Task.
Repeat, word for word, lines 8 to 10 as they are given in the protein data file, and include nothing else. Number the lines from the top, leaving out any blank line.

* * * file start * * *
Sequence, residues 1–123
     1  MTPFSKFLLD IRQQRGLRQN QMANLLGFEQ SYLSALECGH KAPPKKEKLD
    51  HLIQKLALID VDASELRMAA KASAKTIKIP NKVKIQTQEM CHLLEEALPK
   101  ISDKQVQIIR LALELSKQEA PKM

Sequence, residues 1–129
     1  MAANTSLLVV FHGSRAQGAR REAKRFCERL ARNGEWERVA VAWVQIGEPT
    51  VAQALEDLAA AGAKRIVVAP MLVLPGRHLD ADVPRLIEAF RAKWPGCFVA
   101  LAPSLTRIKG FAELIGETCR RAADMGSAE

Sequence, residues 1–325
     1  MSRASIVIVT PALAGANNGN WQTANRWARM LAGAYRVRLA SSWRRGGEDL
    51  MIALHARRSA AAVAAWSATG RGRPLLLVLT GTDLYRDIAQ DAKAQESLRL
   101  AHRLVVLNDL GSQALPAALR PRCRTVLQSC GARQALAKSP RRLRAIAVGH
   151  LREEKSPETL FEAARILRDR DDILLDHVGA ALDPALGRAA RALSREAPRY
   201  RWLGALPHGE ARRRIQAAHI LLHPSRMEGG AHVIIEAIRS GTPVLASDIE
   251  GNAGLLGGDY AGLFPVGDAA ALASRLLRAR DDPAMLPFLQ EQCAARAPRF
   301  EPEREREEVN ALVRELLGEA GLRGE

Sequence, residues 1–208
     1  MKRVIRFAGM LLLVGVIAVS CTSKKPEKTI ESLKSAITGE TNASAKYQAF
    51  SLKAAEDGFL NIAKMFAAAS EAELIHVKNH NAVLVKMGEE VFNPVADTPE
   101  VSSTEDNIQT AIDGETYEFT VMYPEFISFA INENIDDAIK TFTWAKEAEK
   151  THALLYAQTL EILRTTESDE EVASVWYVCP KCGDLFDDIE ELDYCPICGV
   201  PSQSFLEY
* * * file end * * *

   101  LAPSLTRIKG FAELIGETCR RAADMGSAE

Sequence, residues 1–325
     1  MSRASIVIVT PALAGANNGN WQTANRWARM LAGAYRVRLA SSWRRGGEDL